Now Some Men Are Using Apps To Track Their Colleague's Periods?

Illustrated by Sydney Hass.
Period trackers are increasingly popular among women. The handy apps allow us to chronicle how we're feeling throughout the month to spot patterns and abnormalities, and identify when we're most fertile.

But now, in a new low for workplace sexism, some men have apparently taken to using this technology to track when their colleagues are on their periods for their own benefit: to "avoid unnecessary situations” and "stay away from trouble,” reported

A woman told the Australian news website how her male colleagues began tracking her period after they had an argument at work. "They want to stay away from me when I’m PMSing, because I get a bit moody,” she said, before apparently laughing it off.

The man, who is the woman's "friend", had been tracking her menstrual cycle on his work calendar and had set up reminders for when her period was due.

Adding insult to injury, the man had sent the calendar to other male colleagues so they could track the periods of other women in the office.

One of the men, who funnily enough wanted to remain anonymous, justified his sexist, intrusive and unbelievable creepy behaviour by saying he was "just trying to stay away from trouble”. He added that he regularly reminds her when she's "PMSing" and walks away before a situation escalates.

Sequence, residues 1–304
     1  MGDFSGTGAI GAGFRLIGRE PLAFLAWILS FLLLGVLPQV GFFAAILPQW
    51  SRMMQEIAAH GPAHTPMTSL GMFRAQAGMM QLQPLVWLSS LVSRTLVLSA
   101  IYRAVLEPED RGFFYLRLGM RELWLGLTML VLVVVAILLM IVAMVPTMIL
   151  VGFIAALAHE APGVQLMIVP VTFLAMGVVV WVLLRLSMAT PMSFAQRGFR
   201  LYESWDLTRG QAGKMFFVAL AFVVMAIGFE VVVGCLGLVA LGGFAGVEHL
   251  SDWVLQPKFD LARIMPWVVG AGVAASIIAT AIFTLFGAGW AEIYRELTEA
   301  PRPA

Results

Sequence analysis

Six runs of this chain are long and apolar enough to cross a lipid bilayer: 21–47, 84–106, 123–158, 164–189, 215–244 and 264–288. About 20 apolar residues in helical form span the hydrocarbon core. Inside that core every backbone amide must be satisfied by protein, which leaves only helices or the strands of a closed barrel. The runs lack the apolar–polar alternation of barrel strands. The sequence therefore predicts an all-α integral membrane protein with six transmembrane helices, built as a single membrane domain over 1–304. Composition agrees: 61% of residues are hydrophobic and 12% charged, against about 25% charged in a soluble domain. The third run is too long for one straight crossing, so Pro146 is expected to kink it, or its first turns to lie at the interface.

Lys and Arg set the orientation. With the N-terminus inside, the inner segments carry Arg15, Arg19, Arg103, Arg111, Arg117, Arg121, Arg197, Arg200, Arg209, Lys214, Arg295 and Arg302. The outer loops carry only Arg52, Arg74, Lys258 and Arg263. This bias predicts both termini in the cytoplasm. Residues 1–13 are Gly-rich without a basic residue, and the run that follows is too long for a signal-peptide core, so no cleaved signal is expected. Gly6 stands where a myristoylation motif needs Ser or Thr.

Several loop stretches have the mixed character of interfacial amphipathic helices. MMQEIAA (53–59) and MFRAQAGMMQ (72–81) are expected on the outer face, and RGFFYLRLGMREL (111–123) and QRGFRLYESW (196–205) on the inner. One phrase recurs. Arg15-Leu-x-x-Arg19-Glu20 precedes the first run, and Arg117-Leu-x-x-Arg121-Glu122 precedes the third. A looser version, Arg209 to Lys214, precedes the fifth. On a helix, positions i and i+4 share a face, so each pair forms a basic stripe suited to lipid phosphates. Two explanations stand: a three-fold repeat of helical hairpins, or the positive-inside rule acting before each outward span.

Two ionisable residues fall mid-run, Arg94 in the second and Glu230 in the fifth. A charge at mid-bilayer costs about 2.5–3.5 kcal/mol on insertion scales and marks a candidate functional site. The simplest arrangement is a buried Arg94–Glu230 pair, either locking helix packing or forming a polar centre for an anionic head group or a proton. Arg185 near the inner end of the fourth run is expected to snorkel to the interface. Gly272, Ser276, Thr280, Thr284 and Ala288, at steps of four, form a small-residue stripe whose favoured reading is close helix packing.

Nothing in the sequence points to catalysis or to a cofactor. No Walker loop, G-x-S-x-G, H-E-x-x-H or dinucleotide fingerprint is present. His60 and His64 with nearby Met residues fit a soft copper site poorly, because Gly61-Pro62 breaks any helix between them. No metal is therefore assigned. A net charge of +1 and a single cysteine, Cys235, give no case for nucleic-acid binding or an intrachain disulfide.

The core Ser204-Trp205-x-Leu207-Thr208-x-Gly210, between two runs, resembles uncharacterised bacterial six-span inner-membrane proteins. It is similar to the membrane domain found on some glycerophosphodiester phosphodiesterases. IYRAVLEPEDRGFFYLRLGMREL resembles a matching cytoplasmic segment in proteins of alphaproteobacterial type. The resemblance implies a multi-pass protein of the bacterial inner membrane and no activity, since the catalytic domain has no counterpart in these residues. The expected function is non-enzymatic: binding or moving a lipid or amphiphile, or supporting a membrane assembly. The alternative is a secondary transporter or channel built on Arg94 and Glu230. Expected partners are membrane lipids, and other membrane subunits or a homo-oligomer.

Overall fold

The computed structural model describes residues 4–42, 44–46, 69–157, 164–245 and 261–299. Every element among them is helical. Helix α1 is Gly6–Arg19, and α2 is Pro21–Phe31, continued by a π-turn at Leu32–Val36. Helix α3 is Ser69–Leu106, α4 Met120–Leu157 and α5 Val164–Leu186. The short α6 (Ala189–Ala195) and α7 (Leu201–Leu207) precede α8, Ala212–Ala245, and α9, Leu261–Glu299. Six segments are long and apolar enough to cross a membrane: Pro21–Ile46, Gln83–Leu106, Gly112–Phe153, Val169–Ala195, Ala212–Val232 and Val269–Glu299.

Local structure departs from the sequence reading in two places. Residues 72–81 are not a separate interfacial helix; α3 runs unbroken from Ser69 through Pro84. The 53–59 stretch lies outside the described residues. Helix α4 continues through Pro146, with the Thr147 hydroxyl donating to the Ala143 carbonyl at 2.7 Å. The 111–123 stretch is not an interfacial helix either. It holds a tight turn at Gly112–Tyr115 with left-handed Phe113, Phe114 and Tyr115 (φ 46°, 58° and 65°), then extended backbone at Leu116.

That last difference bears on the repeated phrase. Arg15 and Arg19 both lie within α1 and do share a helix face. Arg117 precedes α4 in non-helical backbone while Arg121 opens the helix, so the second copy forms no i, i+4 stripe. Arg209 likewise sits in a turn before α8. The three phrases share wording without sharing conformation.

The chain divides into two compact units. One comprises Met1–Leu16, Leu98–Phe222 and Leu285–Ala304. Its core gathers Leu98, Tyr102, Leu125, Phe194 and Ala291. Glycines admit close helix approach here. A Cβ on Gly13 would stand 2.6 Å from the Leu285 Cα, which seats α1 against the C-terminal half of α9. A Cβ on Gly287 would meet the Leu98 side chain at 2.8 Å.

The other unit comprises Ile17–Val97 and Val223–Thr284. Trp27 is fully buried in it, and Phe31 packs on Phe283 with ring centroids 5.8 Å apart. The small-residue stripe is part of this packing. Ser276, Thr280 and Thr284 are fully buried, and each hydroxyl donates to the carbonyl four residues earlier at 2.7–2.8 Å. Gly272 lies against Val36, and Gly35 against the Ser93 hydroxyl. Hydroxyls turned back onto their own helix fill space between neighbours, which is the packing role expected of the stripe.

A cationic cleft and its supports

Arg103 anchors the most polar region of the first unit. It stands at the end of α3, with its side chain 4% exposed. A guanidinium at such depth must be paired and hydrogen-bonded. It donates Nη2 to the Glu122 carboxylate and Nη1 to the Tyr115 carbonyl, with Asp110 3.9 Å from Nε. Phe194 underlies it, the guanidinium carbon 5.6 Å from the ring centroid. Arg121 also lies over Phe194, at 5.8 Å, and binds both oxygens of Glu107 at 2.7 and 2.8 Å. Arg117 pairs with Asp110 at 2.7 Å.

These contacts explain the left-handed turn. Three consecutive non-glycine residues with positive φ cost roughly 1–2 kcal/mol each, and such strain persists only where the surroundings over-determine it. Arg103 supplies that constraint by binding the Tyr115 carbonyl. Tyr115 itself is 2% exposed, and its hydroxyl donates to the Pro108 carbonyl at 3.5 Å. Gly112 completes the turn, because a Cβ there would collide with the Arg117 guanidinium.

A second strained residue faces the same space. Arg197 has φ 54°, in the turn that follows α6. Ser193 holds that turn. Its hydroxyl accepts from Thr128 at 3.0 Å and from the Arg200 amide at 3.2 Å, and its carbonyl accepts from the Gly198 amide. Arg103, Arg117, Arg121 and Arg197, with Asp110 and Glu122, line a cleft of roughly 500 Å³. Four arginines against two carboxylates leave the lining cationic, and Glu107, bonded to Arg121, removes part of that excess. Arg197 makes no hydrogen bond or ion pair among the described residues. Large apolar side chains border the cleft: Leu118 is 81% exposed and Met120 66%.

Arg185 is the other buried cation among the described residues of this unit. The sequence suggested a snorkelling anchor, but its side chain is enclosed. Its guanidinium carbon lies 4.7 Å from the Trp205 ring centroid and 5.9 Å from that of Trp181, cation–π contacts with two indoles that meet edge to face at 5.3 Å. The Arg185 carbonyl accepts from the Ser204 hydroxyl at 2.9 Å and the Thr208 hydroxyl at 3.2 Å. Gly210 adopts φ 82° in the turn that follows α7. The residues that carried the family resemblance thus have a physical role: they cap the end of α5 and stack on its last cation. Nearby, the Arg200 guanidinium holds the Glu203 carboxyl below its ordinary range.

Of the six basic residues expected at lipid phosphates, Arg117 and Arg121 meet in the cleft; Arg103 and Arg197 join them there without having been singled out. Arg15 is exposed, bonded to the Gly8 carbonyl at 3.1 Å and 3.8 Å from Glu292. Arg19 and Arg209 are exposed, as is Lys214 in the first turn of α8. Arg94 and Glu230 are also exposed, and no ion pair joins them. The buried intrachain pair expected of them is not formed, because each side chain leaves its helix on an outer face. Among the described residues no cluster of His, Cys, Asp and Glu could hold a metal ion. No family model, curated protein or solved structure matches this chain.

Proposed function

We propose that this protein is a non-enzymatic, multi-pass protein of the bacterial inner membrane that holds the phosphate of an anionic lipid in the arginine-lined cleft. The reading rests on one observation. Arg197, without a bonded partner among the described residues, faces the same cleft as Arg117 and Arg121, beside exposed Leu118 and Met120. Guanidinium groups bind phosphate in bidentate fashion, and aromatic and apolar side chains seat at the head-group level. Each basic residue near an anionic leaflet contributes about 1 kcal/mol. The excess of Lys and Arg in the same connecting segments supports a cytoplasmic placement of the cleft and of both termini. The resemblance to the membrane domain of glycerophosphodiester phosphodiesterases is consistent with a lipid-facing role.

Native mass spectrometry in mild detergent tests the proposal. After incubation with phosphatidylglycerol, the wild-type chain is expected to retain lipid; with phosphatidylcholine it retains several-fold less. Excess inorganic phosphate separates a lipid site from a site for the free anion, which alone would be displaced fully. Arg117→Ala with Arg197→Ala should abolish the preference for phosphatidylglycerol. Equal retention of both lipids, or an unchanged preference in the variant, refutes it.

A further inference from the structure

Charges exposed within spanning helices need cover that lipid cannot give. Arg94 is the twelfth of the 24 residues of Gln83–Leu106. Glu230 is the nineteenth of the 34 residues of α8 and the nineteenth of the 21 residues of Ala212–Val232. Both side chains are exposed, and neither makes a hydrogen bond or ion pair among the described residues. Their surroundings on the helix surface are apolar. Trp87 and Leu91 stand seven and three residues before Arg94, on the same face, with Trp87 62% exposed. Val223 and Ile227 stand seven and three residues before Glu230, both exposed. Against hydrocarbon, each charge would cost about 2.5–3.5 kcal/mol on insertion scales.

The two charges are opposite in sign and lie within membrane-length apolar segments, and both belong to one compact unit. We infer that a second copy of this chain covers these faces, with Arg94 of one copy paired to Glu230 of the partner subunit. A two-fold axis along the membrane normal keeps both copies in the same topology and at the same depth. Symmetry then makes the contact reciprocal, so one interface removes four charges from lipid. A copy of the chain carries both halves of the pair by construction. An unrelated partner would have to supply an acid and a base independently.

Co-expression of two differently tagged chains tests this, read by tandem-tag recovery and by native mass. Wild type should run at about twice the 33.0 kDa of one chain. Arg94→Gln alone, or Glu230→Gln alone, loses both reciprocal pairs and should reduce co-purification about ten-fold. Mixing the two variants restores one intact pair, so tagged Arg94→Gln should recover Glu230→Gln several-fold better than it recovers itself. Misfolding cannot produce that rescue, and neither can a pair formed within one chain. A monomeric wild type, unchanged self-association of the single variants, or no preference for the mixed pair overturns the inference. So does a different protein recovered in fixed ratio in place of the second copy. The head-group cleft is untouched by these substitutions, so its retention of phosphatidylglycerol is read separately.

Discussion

Because no disagreement could ever be the result of a woman's legitimate point or because she called a man out for simply being a sexist moron.

Unsurprisingly, another of the men told he couldn't quite grasp why many people thought his behaviour was inappropriate. “What’s sexist is how women are allowed to blame their volatile actions and unstable emotions on their ‘periods’, I just wish men had that option too.”


It turns out this behaviour extends much further than an office in Australia. Apps such as iAmAMan, not available in the UK, and uPMS exist solely for men to track women's periods. (How do men like this manage to get so close to women in the first place?)

uPMS claims it's for "all guys out there suffering the monthly Psychotic Mood Shifts from their better halves", while the now defunct PMS Buddy once claimed to "save relationships".

If only there were an app warning women how to steer clear of jackasses.

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